Common Sense Note
Parents need to know that The Buddy Holly Story is a good-hearted look at a rock 'n' roll pioneer that contains lots of great music and none of the melodramatic excesses of many musical biopics (no drugs, no overt sexuality, no self-destructive behavior). Only the credits at the end of the film reveal that Buddy Holly died in a plane crash on the night after the final performance in the film. There's occasional swearing, with repeated use of some expletives: "hell," "sh--t," "bastard," "damn," "ass," and more. When a bigot utters a racial slur, Buddy Holly counters with slurs of his own to embarrass the offender. Alcohol is consumed in several scenes; one character drinks too much and gets drunk. Some cigar and cigarette smoking consistent with the time period.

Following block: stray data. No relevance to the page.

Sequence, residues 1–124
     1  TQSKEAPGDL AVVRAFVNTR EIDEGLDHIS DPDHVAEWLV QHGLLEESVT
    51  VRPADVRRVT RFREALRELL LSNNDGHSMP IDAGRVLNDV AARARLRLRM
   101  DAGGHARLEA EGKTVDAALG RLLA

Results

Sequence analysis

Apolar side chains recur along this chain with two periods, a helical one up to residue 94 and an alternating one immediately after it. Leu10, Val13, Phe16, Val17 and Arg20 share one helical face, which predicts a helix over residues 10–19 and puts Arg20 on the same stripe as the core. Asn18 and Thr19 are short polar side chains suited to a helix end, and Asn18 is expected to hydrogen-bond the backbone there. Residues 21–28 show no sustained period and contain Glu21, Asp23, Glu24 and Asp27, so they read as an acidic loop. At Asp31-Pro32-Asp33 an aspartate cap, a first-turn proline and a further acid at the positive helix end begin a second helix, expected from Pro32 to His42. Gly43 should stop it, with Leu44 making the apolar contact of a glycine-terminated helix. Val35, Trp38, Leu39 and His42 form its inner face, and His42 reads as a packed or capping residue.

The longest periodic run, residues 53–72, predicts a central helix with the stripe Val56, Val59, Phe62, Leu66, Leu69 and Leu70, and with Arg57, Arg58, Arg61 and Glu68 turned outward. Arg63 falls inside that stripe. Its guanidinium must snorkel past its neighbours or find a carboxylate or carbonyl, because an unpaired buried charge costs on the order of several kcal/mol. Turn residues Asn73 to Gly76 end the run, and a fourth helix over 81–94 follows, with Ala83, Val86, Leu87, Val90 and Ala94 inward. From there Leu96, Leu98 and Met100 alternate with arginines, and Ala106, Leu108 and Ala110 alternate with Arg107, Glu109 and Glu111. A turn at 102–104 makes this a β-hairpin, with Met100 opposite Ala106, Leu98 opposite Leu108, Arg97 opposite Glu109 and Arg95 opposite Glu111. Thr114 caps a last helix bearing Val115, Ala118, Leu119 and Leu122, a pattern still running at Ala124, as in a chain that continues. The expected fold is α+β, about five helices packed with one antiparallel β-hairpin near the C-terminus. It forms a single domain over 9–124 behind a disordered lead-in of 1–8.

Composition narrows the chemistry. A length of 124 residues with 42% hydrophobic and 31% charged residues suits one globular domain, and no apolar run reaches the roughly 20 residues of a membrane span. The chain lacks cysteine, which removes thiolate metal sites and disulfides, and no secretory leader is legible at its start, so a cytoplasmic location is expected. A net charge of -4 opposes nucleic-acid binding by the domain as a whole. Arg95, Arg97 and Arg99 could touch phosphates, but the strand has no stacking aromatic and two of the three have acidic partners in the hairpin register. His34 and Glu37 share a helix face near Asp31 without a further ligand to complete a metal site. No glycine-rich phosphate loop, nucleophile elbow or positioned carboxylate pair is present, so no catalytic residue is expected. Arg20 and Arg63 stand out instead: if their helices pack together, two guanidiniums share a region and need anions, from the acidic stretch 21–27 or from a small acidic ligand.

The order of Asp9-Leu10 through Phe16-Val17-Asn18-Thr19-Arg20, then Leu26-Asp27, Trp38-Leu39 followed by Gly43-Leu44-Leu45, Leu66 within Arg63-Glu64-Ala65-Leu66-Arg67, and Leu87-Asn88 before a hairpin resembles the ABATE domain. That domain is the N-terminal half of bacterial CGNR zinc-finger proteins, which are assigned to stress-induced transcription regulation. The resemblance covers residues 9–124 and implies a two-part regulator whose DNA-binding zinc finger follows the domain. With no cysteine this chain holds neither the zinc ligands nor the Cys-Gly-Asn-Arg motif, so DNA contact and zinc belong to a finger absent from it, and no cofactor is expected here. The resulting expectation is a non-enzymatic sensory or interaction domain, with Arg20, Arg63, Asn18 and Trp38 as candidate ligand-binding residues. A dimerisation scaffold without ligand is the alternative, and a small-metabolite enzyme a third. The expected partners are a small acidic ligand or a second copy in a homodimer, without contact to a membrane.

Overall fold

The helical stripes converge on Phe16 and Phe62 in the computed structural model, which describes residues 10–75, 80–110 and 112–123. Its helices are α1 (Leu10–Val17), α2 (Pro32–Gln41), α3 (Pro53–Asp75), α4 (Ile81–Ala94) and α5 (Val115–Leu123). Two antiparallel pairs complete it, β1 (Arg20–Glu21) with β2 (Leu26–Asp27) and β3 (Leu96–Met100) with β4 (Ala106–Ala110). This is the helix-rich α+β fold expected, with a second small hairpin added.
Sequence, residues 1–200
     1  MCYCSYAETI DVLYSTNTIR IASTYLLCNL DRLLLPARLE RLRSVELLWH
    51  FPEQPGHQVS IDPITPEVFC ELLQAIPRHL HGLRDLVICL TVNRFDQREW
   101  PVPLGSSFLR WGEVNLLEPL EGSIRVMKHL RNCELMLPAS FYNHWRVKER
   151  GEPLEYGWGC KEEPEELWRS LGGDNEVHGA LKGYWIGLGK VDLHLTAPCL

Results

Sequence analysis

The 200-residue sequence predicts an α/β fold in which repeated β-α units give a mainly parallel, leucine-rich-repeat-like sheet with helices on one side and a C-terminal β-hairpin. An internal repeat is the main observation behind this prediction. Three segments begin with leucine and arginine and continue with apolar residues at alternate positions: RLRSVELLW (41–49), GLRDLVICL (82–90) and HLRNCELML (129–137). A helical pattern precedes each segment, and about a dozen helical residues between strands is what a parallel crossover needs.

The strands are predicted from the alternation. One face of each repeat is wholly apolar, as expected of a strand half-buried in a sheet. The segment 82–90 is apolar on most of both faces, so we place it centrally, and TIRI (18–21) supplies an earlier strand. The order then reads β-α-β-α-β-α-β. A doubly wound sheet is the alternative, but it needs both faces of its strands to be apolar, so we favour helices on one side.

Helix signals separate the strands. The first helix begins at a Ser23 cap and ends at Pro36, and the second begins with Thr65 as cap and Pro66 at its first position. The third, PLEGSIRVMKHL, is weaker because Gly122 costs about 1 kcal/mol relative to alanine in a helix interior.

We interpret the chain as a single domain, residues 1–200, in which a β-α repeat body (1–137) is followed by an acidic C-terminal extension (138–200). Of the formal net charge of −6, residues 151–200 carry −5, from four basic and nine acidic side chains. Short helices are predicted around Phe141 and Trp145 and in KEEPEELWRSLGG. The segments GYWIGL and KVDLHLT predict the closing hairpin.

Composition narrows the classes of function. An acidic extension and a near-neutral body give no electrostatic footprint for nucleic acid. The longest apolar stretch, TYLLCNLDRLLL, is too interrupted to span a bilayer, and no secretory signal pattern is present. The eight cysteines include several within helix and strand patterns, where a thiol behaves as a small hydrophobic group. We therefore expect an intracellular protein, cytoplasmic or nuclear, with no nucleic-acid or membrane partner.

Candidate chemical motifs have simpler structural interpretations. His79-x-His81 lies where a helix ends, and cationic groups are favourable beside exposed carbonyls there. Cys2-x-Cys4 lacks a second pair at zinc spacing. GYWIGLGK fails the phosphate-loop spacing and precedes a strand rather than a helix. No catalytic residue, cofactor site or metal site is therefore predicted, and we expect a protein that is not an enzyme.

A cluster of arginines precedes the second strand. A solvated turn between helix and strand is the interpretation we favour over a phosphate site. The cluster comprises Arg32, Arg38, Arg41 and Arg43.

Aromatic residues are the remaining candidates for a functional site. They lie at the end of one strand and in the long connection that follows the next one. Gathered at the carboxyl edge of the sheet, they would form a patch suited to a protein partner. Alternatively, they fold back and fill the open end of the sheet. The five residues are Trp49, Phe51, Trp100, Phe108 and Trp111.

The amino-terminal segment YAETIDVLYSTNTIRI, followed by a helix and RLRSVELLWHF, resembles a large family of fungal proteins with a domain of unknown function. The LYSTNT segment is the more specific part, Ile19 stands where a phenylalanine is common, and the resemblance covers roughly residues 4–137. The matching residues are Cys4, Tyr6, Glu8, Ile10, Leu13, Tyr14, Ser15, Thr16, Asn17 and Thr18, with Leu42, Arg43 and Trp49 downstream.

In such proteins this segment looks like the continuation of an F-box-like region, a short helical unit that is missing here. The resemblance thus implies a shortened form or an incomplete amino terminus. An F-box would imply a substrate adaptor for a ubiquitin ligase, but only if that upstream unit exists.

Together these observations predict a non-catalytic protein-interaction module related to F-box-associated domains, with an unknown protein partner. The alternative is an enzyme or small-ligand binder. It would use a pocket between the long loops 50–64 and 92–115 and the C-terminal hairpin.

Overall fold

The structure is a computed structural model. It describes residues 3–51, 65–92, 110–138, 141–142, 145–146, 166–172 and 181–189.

Some kissing. Teenagers in 1960s are necking in a parked car; the boy tries to touch the girl's breast. Buddy and his wife are shown in bed together.
A brief scuffle; someone breaks down a door.
Occasional swearing and coarse language: "hell," "s--t," "Goddamn," "sonofabitch," "bastard," "for Christ's sake," "ass," "play with myself." Also some racial slurs used by the hero to shame a bigot: "dark meat," "nigra," and the "N" word.
A strong message about how working hard and pursuing goals enthusiastically results in good fortune and success. Shows how rock 'n' roll promoted racial integration for music fans before the civil rights movement began to significantly change the culture.
Coca Cola, Jell-O, Dr. Pepper, RCA, CBS, Vertigro.
Drugs / Tobacco /
Some drinking in social settings, including toasting with champagne to celebrate. The Crickets' drummer is seen drinking alcohol in numerous scenes and getting drunk before an important appearance. Occasional smoking of both cigarettes and cigars.